About a week ago I wrote a piece (news passim) when the forward crew for Hacktionlab were about to depart to site, since when a discreet silence has been maintained. A partial excuse for such taciturnity was your scribe’s duties on the woodpile for the event – hard physical graft for someone used to tickling a keyboard for a living.
The forward crew of Mike, John, Amias, Woodsy and Acesabe arrived on site at Highbury Farm on the Wednesday evening, pitched their tents and settled down for the night (eventually) ready for a hard day’s work setting up the site for arrivals due from Thursday: the hard work entailed erecting the big white tent, setting up the network, satellite dish, clearing the barn and establishing a workspace, servicing the site loos and myriad other minor tasks.
Hacktionlabbers started turning up from the afternoon onwards, the most thought-provoking being the arrival in the early evening of Alan who’d cycled all the way from Sheffield (150 miles away) in 11 hours. The most welcome vehicular appearance on site was Llanos, whose wee blue hatchback made it to within some 100 metres from the barn despite being fully laden with essential supplies – cider and a barrel of beer. Another welcome arrival was fellow BW volunteer Hamish, fresh from Scotland with a goodie bag of traditional Scottish fare – shortbread, potato scones, oatcakes and Irn Bru – tasty!
Friday saw Hacktionlab proper swing into action with the post-breakfast ritual of introductions and organising the schedule for the day, which set the pattern for the next 3 days. Workshop topics were wide and varied, including Mike’s ever-popular satellite workshop, networking in difficult environments, collaborative working and security tools, privacy, security sessions encryption sessions, multimedia workshops, plus the geeks’ key signing party. Perhaps the most controversial session of the weekend – mainly because its content and purport flew in the face of a lifetime’s conditioning – was round the firepit on Sunday evening, when BW member John gave a taster session on common law rights and their use.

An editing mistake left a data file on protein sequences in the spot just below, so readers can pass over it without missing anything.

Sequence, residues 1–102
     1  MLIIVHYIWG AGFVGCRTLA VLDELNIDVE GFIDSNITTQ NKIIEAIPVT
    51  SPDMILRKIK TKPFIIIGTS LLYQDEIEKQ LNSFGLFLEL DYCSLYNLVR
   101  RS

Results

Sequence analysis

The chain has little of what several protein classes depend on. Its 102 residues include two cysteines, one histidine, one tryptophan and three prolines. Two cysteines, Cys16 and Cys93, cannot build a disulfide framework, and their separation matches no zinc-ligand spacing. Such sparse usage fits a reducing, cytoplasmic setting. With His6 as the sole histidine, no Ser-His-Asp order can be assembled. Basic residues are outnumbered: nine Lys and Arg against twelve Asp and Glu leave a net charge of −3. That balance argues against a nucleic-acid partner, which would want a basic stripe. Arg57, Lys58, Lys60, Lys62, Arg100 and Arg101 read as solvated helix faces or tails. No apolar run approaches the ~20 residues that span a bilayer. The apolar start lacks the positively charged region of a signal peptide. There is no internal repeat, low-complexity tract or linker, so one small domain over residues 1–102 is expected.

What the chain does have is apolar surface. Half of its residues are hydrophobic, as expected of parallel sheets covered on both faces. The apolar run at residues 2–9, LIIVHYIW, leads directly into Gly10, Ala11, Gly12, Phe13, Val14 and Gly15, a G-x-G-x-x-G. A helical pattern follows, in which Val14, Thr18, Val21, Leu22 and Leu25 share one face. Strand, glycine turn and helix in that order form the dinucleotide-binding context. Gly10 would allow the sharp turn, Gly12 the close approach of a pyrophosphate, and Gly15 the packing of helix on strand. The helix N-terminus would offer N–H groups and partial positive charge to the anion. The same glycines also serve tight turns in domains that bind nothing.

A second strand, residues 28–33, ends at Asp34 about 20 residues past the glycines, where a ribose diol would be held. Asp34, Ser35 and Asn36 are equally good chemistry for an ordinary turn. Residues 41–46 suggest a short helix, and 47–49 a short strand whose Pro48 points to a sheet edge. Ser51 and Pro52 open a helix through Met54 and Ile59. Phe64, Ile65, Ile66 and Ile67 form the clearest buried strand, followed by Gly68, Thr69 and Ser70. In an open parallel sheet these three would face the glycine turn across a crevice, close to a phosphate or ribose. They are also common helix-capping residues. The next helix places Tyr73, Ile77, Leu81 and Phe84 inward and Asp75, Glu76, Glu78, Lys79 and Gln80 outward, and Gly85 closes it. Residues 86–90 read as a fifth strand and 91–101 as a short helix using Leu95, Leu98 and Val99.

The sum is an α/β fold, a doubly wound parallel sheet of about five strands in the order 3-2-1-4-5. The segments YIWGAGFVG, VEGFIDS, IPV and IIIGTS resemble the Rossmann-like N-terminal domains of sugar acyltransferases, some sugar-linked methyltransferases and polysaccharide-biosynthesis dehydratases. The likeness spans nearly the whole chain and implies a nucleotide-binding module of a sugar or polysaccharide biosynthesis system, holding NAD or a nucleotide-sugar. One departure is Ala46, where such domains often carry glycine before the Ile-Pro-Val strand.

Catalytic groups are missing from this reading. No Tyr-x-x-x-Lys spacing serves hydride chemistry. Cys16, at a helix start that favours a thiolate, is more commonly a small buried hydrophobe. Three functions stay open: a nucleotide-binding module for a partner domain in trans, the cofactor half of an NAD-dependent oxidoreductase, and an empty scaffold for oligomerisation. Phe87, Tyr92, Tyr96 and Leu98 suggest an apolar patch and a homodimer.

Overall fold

Hacktionlab also gave a showcase for low power and renewable technologies: there was our LTSP on display and in use in the barn, whilst the marquee boasted solar panels powering a 12 volt cinema consisting of a media player, LED projector and sound system, which came into their own once the day’s work was done.
In summary, a worthwhile and enjoyable event in good surroundings and company, made better by the fine weather, plus a larger turnout than last year. In Mike’s words: “We got some very positive actions out of it, got some great people together to get to know each other better, strengthened the UK network for techs and activists, and erm, drank rather a lot of cyder in a lovely rural setting”. An urban Hacktionlab is being thought of later this year, somewhere up North. Details will be posted on the Hacktionlab wiki. For now thanks are due for this event to Mike (general organisation), Amias, John Jane and Becky for keeping us fed, Llanos for vital beer and cider supply, Woodsy for a warm fire in the evenings, Acesabe for tech support (and the photos used in this piece. Ed.) and all workshop organisers/facilitators, not forgetting our hosts at Highbury Farm.